//Here an array named "calc" is defined to store 
//the values of x.
//The upper index controls the accuracy of the Taylor Series, so
//it is suitable to make it an adjustable parameter. However, after
//a certain value of p the series become infinitely large to be 
//represented by the computer; hence we terminate the series at 
//the 151th term. 
int p = 150;
long double series[13][p];
int i, k;
//We only define the Taylor series for positive values of the exponent, and
//later we will use these values to calculate the reciprocals. This is done
//in this manner to avoid the ambiguity introduced into the sum due to terms
//alternating in sign.
long double sum[6] = { 0 };
for (i = 0; i <= 6;i++) {

        for (k = 0; k <= p; k++){
        series[i][k] = pow(x[i], k)/( factorial(k));
        sum[i] += series[i][k];
printf("Approximation for x = %Lf is %Lf \n", x[i], sum[i]);
//For negative numbers -taking into account first negative number is
//in the 8th position in the x array and still denoting the approximation
long double approx[5] = { 0 };
for (i = 7; i <= 12;i++) {
    approx[i - 7] = 1 / sum[i - 7];
    printf("Approximation for x = %Lf is %Lf \n", x[i], approx[i - 7]);
//printf("%Lf \n", factorial(3));
//The above line was introduced to test if the factorial function
//was functioning properly.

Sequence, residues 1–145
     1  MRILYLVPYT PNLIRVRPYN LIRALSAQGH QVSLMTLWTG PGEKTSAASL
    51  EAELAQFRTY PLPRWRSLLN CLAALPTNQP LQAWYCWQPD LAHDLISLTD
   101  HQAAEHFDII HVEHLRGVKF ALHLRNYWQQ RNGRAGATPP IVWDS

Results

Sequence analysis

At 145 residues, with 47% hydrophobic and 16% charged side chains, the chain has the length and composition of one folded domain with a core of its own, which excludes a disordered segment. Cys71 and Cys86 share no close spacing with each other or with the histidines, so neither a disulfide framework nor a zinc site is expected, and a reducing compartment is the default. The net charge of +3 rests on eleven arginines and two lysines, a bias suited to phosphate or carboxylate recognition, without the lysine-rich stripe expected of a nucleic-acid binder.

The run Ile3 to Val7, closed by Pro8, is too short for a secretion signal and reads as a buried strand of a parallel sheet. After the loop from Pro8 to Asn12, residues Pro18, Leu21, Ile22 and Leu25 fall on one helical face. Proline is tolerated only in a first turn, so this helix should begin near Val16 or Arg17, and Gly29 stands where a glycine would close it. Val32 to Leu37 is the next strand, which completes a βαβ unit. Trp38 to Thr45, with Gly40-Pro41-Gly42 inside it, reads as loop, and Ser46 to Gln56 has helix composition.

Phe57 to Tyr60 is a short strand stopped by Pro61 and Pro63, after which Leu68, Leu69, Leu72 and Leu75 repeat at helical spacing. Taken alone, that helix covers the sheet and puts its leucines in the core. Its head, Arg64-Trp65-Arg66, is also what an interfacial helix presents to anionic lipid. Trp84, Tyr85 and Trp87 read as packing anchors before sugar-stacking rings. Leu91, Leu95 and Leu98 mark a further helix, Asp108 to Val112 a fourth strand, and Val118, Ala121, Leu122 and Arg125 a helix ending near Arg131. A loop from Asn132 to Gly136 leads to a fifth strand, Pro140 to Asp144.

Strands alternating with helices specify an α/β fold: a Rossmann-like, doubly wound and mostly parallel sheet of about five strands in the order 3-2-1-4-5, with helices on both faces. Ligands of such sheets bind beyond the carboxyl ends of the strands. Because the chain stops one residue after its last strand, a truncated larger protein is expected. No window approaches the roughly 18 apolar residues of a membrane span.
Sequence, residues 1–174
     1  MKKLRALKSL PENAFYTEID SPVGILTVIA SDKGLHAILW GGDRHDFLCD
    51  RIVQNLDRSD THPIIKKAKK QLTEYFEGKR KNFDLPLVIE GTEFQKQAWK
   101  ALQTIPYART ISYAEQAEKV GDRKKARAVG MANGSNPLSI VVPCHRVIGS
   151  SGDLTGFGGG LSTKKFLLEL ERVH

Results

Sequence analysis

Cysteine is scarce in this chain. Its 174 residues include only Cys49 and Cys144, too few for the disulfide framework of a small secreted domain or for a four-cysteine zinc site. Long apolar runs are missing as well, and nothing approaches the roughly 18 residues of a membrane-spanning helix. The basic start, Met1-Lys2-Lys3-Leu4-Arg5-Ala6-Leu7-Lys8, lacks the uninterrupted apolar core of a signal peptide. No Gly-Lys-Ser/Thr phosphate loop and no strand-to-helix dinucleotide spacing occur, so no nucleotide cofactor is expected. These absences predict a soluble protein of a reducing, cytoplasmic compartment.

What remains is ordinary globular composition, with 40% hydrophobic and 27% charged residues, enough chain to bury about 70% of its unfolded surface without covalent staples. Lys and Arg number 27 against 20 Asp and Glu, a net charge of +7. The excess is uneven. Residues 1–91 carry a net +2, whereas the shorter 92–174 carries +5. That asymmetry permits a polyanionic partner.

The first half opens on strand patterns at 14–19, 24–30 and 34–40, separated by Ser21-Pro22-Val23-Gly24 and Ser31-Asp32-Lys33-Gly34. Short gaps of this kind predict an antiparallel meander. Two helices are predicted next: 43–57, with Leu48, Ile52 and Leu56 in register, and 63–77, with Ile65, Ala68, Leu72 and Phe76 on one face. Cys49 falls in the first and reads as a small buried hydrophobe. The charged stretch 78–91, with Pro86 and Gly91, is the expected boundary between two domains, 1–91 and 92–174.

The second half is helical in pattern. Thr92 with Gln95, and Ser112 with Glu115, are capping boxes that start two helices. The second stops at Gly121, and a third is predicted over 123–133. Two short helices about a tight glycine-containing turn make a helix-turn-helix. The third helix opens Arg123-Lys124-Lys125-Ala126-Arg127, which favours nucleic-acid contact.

share|improve this question
Btw you have undefined behavior your loop runs for i = 12 check for (i = 7; i <= 12;i++) then approx[i - 7] for i = 12 = approx[5] and max index value can be 5 only long double approx[5] = { 0 }; – Grijesh Chauhan Oct 10 '13 at 17:56
Sorry I failed to understand; can you elaborate on that? The approx array consists of 6 elements and each on is defined in my opinion. – Vesnog Oct 10 '13 at 17:59
for i = 12 in last for loop condition i <= 12; is = True so control executes expressions inside for-loop, Put i = 12 in approx[i - 7] = 1 / sum[i - 7]; == approx[5] = 1 / sum[5]; Now according to declaration long double approx[5] max index can be just 4 indexing approx[5] = is index out of bound problem – Grijesh Chauhan Oct 10 '13 at 18:03
Correct long double approx[5] = { 0 }; as long double approx[6] = { 0 }; – Grijesh Chauhan Oct 10 '13 at 18:08
This the reason for I also getting a Segmentation Fault (core dumped) e – Grijesh Chauhan Oct 10 '13 at 18:12
up vote 2 down vote accepted

To answer some of your questions.

1 My eclipse code does not blow up.

2 I see no inherent inefficiency using for loops other than maybe too many iterations.

3 Use "%Le" for scientific format.